The team rank is compared to every blueliner who has played more than 15 games with Calgary since the start of the 2013-2014 season which totals 11 players. In that time, only Chris Butler, Ladislav Smid, and Deryk Engelland have worse raw possession rates; all three of them have lower offensive zone start ratios. Even more telling is in close situations where only Butler and Shane O’Brien have worse possession numbers. In this case, Butler had fewer offensive starts than Russell while O’Brien had more.
So what does this tell you? It says that Russell has spent among the most time in his own end despite fairly favourable utilization. In seeing that, his gaudy shot block totals don’t seem all that surprising anymore. Numbers like these are fine for someone playing on a third pairing, but to sign Russell to a deal that would see him remain in the top four doesn’t make a lot of sense to me.
Reward: Right now, I don’t mind Russell’s contract at all. Carrying a cap hit of $2.6 million, Russell has given the team decent value even if he’s been forced to play over his head for much of his time here. If there’s a way for that trend to continue, I think there’s a decent conversation worth having about keeping Russell in the fold.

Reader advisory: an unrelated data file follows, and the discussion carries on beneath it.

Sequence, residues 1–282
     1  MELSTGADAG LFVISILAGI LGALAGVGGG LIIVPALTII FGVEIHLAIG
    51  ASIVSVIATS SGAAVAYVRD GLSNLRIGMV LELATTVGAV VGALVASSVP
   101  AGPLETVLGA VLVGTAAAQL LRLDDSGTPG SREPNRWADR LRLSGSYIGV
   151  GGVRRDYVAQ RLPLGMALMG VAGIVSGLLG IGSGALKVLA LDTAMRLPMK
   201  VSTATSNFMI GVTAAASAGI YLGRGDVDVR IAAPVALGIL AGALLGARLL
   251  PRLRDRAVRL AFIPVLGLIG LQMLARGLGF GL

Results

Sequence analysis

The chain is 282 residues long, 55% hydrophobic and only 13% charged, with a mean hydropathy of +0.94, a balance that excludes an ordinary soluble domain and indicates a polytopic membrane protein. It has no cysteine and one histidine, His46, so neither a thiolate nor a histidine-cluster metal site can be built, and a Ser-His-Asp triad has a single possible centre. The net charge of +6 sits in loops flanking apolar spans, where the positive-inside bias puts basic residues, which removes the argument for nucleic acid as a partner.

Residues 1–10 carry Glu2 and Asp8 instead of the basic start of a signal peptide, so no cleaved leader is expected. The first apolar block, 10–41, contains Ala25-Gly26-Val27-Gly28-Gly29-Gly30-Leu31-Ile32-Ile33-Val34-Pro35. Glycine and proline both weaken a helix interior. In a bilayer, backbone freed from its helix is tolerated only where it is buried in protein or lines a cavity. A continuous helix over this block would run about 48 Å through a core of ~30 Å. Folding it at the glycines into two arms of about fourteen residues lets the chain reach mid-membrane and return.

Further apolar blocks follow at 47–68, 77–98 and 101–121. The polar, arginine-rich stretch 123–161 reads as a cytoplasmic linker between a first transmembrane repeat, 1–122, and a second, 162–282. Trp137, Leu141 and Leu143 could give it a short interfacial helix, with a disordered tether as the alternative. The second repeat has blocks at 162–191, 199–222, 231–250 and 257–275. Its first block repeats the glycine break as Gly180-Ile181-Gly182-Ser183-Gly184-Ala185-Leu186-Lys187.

For sake of argument, would it be that bad to see Russell come back on a three year extension at or around his current cap hit? It seems fairly reasonable knowing where things are going. The contracts of both Engelland and Dennis Wideman will be expiring at the end of next season, which would align nicely with Russell moving into a depth role as the number five or six guy. If the team is able to bring in another top four guy over the next two years, I could live with a few years of Russell on the third pairing for under $3 million a season.
The chances of that happening seem slim, though. The contracts signed by Sekera and Petry with Edmonton and Montreal, respectively, are being used as comparables for what Russell might be able to get on the open market. If he has a shot at $5 million annually for a decent term, why would he sign for less money and term with the Flames?
I really do like Russell for what he is. The problem is, he’s probably going to be asking for a whole lot more than what his type of player should ideally be paid. With where their cap is going, the Flames just don’t have the option to overpay for a third pairing defenceman regardless of what he brings off the ice. Calgary has the opportunity to get a good return prior to the deadline for a guy they traded a fifth round pick for. That’s good asset management and that has to be the priority.